Native Spirit Film Festival: Thirza Cuthand’s Retrospective is a Peek Into The Cree and Queer Experience 

Thirza Cuthand’s experimental filmography is a firsthand look into the artist’s mind. Varying from poetic imagery that matches a stream of consciousness-type spoken word to satirical infomercials for dating services or documentaries, this retrospective being presented at the Native Spirit Film Festival is a peek into Cuthand’s experience as Cree and queer. 

Cuthand first started exploring the world behind the lens of a camera as a teenager. Her earliest short being shown in this retrospective is from 1995. It comes from an innocent perspective of a budding lesbian who is legitimately curious about where the other girls who like girls are at her high school. The funny film is fueled by naive creativity that is evident of blossoming sexuality that continued to be a theme in Cuthand’s later work. 

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Opening Day of Native Spirit Fest in London Focused on Indigenous Language Revitalization 

In 2016, the United Nations made this year, 2019, ‘International Year of Indigenous Languages’. The hope was to help revitalize the Native languages that are disappearing more and more as elders that are fluent in these tongues are aging. Even with this proclamation, individual tribes and families have taken the burdening task of saving their language on themselves to guarantee that their children and grandchildren will have the opportunity to access the rich and vibrant culture that connects them to the generations before. 

A good portion of the films that were presented at the Native Spirit Fest dealt with the art of languages. It has become a rarity to hear a spoken Indigenous tongue in the medium of film and the lineup this year will warm the heart of Native people everywhere when words from these communities appear along with the imagery from their corresponding cultures.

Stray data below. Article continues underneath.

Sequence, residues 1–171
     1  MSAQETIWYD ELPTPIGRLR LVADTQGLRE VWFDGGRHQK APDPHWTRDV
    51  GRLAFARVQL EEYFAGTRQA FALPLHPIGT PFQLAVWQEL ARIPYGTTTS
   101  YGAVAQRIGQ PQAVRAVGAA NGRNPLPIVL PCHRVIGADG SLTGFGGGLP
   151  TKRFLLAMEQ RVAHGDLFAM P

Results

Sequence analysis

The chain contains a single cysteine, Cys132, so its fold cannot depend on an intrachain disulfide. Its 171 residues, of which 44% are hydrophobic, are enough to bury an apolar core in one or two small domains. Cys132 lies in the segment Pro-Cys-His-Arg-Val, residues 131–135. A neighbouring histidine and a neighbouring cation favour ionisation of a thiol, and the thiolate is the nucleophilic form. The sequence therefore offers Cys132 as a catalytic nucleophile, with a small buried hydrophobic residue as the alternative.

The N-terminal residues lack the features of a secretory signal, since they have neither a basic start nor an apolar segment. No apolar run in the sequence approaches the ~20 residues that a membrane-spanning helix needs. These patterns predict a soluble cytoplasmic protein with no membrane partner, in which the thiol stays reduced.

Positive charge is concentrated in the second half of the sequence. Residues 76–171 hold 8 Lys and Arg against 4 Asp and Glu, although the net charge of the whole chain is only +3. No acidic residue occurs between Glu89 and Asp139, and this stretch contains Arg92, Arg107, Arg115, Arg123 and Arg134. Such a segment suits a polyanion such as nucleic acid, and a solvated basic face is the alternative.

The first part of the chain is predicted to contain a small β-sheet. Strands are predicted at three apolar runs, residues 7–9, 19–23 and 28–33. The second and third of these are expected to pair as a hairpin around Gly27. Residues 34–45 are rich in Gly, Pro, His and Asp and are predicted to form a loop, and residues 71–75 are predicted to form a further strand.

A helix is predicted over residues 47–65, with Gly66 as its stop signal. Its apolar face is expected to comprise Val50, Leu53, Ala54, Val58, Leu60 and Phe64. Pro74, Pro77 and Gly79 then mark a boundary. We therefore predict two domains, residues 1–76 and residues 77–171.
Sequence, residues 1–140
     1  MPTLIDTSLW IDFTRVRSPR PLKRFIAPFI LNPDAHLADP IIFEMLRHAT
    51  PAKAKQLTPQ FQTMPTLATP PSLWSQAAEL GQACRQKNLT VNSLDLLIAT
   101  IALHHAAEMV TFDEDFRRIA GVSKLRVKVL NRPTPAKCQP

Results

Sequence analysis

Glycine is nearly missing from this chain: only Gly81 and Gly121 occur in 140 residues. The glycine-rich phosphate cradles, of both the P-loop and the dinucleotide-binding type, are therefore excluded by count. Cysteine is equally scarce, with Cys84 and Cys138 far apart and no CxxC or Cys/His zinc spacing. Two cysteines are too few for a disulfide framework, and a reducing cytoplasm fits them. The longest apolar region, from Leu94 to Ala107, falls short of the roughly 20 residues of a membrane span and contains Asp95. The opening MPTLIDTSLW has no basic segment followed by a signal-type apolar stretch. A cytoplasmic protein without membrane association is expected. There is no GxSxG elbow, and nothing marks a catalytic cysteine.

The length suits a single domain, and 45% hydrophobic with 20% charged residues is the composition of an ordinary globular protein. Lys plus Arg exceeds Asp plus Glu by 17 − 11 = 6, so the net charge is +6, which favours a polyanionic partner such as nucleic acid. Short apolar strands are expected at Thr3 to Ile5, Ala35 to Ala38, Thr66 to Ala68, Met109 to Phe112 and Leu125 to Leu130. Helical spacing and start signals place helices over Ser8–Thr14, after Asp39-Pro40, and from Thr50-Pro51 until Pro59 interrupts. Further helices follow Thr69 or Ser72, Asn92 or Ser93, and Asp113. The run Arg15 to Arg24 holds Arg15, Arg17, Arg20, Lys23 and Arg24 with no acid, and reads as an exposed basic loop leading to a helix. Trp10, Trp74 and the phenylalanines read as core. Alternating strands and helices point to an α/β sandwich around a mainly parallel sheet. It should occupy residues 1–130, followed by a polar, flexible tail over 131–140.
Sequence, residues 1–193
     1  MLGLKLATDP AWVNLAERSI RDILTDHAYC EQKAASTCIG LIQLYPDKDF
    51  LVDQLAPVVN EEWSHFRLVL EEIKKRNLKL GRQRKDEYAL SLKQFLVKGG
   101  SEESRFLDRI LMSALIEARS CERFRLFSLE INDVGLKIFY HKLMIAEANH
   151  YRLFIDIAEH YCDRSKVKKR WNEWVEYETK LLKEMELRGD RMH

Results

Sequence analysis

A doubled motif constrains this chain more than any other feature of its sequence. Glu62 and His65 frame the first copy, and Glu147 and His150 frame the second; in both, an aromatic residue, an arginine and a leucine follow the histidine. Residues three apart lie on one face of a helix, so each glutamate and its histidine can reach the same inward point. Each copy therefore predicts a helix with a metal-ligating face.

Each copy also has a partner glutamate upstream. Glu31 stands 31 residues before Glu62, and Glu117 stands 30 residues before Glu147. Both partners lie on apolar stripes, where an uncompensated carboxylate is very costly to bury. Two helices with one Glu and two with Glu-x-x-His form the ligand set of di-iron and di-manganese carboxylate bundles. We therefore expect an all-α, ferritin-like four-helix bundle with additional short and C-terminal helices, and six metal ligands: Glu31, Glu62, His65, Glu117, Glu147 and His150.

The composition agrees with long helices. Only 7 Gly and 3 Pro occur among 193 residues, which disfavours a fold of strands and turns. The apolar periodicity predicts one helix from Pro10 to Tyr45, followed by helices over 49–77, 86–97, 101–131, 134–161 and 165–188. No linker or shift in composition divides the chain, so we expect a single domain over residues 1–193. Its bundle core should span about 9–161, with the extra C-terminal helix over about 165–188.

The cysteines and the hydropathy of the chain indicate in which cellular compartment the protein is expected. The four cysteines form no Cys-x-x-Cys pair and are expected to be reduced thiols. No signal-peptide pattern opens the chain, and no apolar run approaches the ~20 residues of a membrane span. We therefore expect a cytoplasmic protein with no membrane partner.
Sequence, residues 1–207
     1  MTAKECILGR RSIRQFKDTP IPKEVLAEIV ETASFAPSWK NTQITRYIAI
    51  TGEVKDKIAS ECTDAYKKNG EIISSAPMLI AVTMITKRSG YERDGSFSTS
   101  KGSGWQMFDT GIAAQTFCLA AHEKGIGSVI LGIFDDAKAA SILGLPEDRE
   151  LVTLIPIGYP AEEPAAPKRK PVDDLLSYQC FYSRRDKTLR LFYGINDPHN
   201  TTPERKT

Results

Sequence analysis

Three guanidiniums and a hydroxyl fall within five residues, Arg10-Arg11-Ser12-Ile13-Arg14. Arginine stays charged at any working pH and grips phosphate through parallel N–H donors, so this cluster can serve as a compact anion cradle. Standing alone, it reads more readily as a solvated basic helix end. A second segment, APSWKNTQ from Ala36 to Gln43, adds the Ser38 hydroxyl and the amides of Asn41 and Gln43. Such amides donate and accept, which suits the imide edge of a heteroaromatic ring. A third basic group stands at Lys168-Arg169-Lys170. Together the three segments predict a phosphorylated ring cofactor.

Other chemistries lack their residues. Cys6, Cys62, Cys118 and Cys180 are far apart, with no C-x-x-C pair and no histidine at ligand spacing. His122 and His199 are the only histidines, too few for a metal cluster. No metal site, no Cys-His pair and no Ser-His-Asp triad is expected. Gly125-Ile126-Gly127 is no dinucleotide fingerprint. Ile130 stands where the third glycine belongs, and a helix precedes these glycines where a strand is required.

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Criterion Month: Breathless and the Anti-Manic Pixie Dream Girl

This essay is by our guest writer, Shea Vassar. 

The Manic Pixie Dream Girl is the cute and quirky love interest that skips around in films that feature moody men who long to escape their current mundane lives. This archetype has existed since the beginning of cinematic history, but did not receive a proper title until Nathan Rabin’s 2004 review of Elizabethtown (Rabin, 2007). Rabin says that “The Manic Pixie Dream Girl exists solely in the fevered imaginations of sensitive writer-directors to teach broodingly soulful young men to embrace life and its infinite mysteries and adventures.” Though he later apologized for coining the term, Rabin was critiquing the one-dimensional female characters that are constantly displayed in the movies (Rabin, 2014). Many viewers enjoy the whimsical, fairy-like girls that seem to skip around due to their unexplainable amount of confidence. The Manic Pixie Dream Girl lacks motivation, significant or human-like flaws, and the ability to grow past their state of being simply adorable.

Many female characters that seem a bit out of the ordinary by dressing with a unique sense of style or reading a certain poet wrongly receive the Manic Pixie Dream Girl label. Sadly, viewers have grown used to seeing underdeveloped female characters who are only there to propel forward the male protagonist. This is where Breathless differs. Patricia Franchini, played by Jean Seberg, displays the Manic Pixie Dream Girl aesthetic: her blonde hair is cut in a short pixie style and she studies journalism at the Sorbonne. She also enjoys talking of romanticism and philosophy and her American status just adds to her appeal. But Patricia is not a Manic Pixie Dream Girl.

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